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I have one .cu file that contains my cuda kernel, and a wrapper function that calls the kernel. I have a bunch of .c files as well, one of which contains the main function. One of these .c files calls the wrapper function from the .cu to invoke the kernel.

I compile these files as follows:

LIBS=-lcuda -lcudart
LIBDIR=-L/usr/local/cuda/lib64
CFLAGS = -g -c -Wall -Iinclude -Ioflib
NVCCFLAGS =-g -c -Iinclude -Ioflib
CFLAGSEXE =-g -O2 -Wall -Iinclude -Ioflib

CC=gcc
NVCC=nvcc
objects := $(patsubst oflib/%.c,oflib/%.o,$(wildcard oflib/*.c))

table-hash-gpu.o: table-hash.cu table-hash.h
        $(NVCC) $(NVCCFLAGS) table-hash.cu -o table-hash-gpu.o

main: main.c $(objects) table-hash-gpu.o
    $(CC) $(CFLAGSEXE) $(objects) table-hash-gpu.o -o udatapath udatapath.c $(LIBS) $(LIBDIR)

So far everything is fine. table-hash-gpu.cu calls a function from one of the .c files. When linking for main, I get the error that the function is not present. Can someone please tell me what is going on?

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Which function is not present???is it the kernel which is not present? –  ATG Sep 4 '12 at 4:41

1 Answer 1

up vote 2 down vote accepted

nvcc compiles both device and host code using the host C++ compiler, which implies name mangling. If you need to call a function compiled with a C compiler in C++, you must tell the C++ compiler that it uses C calling conventions. I presume that the errors you are seeing are analogous to this:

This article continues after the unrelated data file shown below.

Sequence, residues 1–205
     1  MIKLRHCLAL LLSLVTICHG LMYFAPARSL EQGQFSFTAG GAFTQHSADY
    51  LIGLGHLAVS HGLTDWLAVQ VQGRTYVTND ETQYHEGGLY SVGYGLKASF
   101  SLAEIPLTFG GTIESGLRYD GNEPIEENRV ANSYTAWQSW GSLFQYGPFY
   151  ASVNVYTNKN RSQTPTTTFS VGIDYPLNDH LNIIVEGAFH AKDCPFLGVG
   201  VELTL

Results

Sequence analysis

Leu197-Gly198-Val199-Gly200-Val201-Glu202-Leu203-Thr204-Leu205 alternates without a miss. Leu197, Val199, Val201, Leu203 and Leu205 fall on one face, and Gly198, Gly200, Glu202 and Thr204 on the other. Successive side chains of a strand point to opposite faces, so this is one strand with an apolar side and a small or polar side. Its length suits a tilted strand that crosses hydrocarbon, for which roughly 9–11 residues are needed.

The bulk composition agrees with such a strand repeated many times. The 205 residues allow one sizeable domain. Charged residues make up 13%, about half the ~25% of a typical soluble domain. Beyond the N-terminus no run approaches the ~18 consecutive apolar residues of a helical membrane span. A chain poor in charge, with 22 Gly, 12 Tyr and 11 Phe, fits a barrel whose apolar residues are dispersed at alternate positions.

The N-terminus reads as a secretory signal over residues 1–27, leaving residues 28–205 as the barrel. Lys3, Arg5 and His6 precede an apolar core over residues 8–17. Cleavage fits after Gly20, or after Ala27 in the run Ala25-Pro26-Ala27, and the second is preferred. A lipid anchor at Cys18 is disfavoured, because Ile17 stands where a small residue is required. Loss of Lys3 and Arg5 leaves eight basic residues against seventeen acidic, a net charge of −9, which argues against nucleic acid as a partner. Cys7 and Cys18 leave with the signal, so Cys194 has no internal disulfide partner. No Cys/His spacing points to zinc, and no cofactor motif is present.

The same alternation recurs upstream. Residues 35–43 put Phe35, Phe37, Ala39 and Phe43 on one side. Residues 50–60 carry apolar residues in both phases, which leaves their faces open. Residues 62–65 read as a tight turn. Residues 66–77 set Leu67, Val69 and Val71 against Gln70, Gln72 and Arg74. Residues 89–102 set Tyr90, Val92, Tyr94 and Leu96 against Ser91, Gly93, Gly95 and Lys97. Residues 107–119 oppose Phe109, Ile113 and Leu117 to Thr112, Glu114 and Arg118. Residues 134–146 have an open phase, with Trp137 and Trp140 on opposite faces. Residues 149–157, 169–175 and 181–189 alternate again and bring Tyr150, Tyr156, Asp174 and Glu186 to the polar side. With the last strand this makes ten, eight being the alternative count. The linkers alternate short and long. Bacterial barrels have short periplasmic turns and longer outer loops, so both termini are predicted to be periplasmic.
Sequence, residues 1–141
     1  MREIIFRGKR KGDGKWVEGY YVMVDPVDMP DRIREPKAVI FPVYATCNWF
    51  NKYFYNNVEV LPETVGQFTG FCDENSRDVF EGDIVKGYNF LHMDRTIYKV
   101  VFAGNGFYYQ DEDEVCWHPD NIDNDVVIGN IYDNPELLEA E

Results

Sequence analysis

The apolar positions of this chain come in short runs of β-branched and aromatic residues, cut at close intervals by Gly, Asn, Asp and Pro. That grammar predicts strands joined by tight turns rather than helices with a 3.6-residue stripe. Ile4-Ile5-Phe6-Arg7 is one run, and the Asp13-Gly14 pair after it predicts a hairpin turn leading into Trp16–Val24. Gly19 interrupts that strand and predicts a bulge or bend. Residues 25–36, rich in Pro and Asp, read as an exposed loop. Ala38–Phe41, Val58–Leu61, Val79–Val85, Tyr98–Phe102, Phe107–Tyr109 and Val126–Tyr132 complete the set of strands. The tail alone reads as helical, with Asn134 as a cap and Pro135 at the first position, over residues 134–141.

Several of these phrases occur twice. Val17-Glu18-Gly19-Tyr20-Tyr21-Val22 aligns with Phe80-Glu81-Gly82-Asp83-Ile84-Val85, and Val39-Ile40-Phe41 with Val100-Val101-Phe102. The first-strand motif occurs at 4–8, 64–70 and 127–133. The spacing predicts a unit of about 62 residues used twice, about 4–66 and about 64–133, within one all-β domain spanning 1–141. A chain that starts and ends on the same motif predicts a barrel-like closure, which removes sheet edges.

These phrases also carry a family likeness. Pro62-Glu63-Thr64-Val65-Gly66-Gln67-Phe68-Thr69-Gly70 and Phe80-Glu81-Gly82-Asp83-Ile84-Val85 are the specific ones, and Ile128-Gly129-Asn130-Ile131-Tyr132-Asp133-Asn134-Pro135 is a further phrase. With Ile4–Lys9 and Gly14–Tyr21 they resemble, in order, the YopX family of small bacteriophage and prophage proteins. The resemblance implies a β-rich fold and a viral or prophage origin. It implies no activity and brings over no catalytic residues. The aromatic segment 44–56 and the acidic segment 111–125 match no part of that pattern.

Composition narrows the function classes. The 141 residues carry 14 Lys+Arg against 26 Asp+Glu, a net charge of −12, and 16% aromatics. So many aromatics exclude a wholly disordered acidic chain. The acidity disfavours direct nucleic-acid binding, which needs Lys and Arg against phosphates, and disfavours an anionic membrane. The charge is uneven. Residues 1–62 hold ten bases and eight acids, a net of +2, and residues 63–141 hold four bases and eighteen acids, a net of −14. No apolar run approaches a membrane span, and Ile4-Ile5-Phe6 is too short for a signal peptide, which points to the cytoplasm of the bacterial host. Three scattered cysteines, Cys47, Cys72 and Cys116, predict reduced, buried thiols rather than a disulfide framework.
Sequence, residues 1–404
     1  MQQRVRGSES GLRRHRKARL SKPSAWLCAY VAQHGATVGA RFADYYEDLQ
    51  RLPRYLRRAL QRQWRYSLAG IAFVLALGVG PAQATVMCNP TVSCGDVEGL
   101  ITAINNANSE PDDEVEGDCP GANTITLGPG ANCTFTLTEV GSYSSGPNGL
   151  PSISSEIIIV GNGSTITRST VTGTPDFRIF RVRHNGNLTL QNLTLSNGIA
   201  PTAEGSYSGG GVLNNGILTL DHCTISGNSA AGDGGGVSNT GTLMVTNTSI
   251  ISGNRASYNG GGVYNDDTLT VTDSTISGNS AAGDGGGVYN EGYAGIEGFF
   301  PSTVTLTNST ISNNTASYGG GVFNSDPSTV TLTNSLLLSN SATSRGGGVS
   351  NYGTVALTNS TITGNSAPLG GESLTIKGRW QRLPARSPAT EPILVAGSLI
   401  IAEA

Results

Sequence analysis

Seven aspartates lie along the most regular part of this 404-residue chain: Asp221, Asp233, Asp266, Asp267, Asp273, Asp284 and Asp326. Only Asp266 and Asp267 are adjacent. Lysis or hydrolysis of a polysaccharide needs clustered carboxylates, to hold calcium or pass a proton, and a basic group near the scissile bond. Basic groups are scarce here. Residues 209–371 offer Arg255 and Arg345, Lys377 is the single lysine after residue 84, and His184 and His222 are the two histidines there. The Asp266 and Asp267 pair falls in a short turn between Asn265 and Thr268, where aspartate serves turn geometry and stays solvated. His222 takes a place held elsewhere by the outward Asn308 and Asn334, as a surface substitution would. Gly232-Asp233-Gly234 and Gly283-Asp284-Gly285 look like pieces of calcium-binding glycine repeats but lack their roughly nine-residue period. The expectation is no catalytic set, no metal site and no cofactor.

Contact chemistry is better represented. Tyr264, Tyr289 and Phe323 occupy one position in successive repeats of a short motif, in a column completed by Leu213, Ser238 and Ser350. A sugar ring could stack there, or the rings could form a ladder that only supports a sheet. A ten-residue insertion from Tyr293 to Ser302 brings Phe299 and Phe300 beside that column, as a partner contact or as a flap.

$ cat cfunc.c 

float adder(float a, float b, float c)
{
    return a + 2.f*b + 3.f*c;
}

$ cat cumain.cu 

#include <cstdio>
float adder(float, float, float);

int main(void)
{
    float result = adder(1.f, 2.f, 3.f);
    printf("%f\n", result);
    return 0;
}

$ gcc -m32 -c cfunc.c
$ nvcc -o app cumain.cu cfunc.o
Undefined symbols:
  "adder(float, float, float)", referenced from:
      _main in tmpxft_0000b928_00000000-13_cumain.o
ld: symbol(s) not found
collect2: ld returned 1 exit status

Here we have code compiled with nvcc (so the host C++ compiler) trying to call a C function and getting a link error, because the C++ code expects a mangled name for adder in the supplied object file. If the main is changed like this:

$ cat cumain.cu 

#include <cstdio>
extern "C" float adder(float, float, float);

int main(void)
{
    float result = adder(1.f, 2.f, 3.f);
    printf("%f\n", result);
    return 0;
}
$ nvcc -o app cumain.cu cfunc.o
$ ./app
14.000000

It works. Using extern "C" to qualify the declaration of the function to the C++ compiler, it will not use C++ mangling and linkage rules when referencing adder and the resulting code links correctly.

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